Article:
Converts string to lower case- aWord=aWord.toLowerCase()


Returns the length of a word - String greeting="Hello"; int len=greeting.length(); accessor methods return info about an object.


Determines whether a specific character occurs with a String. Returns the position in the string or -1 if char is not found in string - String name="Stacy" name.indexOf('S') return 0 for first char in string.


name.charAt(0) returns 'S' the character at position 0 in the string


name="Stacy"; name.endsWith("z") would return false


name-"Stacy"; name.startsWith("Sta") would return true


Allows you to replace all occurrences of some character within a string. String Name="Stacy"; String newname=name.replace('c','x'); assigns "Staxy" to newname


Useful when working with Strings. Converts any object to a String


Takes two integer arguments - start position and end. The length of substring extracted is the difference between the second integer and the first integer.

5. Converting Strings to Numbers.
 When you try to convert a string to number that contains a letter or you try to convert the wrong type of number you will get NumberFormatException error.
parseInt() takes a string argument and returns its integer value. - int anInt=Integer.parseInt("649") and stores the numeric value 649 in variable anInt.
parseDouble() takes a string argument and returns its double value double doublevalue =Double.parseDouble("147.44")
parsefloat() and parseLong(0) are also available.

6. Using
StringBuilder and StringBuffer Classes.  When you know a string may be modified use StringBuilder or StringBuffer.
a. StringBuilder is more efficient
b. StringBuffer is thread safe. Means you should use it in application that runs multiple threads.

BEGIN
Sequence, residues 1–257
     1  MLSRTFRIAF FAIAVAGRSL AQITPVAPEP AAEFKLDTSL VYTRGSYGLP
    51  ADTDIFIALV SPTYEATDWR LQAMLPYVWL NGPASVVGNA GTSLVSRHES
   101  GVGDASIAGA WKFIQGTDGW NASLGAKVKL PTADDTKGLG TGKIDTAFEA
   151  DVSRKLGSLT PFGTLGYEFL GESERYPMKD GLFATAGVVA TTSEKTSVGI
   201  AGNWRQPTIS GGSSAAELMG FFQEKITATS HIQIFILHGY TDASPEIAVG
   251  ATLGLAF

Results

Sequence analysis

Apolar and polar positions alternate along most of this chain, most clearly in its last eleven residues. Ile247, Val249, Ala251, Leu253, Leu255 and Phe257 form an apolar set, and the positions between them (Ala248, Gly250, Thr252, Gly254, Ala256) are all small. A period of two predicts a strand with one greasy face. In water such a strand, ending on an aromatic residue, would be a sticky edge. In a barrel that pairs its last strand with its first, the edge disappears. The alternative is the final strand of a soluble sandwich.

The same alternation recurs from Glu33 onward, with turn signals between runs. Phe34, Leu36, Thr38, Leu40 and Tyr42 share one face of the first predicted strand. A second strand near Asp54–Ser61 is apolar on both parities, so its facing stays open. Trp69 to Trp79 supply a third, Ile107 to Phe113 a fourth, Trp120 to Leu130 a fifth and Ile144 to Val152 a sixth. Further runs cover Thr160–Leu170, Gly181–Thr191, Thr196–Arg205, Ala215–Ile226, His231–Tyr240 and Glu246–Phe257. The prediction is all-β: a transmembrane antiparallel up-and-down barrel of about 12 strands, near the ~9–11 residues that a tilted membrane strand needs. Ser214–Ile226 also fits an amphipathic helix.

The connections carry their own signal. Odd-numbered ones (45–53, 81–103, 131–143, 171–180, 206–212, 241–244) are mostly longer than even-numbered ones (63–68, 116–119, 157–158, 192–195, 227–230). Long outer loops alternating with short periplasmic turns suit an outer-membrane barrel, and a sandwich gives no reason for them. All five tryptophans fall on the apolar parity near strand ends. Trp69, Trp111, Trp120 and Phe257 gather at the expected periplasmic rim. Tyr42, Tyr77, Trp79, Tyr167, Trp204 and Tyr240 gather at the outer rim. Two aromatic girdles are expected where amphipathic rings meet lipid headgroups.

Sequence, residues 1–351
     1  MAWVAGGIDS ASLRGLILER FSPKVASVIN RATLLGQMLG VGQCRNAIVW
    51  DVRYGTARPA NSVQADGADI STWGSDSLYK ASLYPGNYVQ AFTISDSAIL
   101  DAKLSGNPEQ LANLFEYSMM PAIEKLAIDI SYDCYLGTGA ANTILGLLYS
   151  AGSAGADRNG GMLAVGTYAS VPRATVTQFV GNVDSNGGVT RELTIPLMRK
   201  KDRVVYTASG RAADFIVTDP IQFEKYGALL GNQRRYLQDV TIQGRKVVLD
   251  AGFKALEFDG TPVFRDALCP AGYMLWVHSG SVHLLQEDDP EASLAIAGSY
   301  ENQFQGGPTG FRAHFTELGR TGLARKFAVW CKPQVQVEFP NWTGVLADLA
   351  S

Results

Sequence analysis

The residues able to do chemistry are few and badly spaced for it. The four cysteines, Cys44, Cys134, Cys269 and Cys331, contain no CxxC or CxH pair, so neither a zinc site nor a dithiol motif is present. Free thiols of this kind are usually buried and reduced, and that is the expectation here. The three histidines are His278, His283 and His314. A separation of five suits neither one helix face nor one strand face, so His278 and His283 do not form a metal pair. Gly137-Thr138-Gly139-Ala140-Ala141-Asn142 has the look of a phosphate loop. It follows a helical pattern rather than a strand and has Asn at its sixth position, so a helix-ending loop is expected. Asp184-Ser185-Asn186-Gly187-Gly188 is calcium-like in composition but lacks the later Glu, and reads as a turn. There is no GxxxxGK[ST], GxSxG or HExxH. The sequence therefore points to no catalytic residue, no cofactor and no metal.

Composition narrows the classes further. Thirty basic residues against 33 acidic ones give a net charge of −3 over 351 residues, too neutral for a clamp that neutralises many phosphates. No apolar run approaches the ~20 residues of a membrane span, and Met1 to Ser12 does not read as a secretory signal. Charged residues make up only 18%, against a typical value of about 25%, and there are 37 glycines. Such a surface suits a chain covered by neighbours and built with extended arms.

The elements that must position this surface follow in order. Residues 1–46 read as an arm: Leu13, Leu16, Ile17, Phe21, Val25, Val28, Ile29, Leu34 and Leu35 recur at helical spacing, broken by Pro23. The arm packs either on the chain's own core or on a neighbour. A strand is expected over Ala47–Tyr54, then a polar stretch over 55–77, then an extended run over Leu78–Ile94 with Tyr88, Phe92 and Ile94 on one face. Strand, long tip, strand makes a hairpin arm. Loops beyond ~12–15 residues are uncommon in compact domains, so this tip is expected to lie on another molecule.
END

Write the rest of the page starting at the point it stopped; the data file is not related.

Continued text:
c. All references to StringBuilder will apply to StringBuffer.
StringBuilder message = new StringBuilder("Hello there");  when using StringBuilder you must use new in the constructor.
StringBuilder uninitializedString=null; creates an empty variable.
f. A StringBuilder contains a buffer - allocated memory - the length of the buffer is the capacity.
SetLength() allow the changing of the string length - length property identifies the number of characters in the String contained in StringBuilder.
h. If StringBuilder specifies a length of the string that is longer than the string, it inserts '\u0000' to fill in the buffer.
i. If StringBuilder specifies a length of the string that is shorter than the string, it is truncated.
capacity() will return the length of the string plus 16 held in the buffer.
k. The ability of Stringbuilder to be modified makes them more efficient when you string contents will change.




Constructs a StringBuilder with no character and a default size of 16

publicStringBuilder(int capacity)

Constructs a StringBuilder with no characters and a capacity specified by the parameter.

publicStringBuilder(String s)

Contains the same characters as those stored in the String object s(length of the String argument) plus 16


CharSequence - is another Java class that holds a sequence of char values.

l. append() - lets you add characters to the end of Stringbuilder object.
insert() lets you add characters at a specific location within a StringBuilder object. The first position of a StringBuilder object is 0.
charAt() - accepts an argument that is the offset of the character position from the beginning of a string and returns the character at that position.